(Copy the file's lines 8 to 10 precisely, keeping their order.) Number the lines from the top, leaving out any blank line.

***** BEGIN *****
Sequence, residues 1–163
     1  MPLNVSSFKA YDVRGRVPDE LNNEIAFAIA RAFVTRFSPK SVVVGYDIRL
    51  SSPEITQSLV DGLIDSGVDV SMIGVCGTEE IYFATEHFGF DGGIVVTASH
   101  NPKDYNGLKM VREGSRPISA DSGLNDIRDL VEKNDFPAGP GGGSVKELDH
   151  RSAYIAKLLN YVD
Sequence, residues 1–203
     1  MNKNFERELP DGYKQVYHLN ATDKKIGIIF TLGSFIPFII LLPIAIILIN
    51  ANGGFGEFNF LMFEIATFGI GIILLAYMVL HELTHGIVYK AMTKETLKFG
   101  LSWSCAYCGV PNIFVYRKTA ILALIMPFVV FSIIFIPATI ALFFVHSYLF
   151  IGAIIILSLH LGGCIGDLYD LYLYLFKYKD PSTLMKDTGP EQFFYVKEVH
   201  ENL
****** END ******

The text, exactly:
    51  ANGGFGEFNF LMFEIATFGI GIILLAYMVL HELTHGIVYK AMTKETLKFG
   101  LSWSCAYCGV PNIFVYRKTA ILALIMPFVV FSIIFIPATI ALFFVHSYLF
   151  IGAIIILSLH LGGCIGDLYD LYLYLFKYKD PSTLMKDTGP EQFFYVKEVH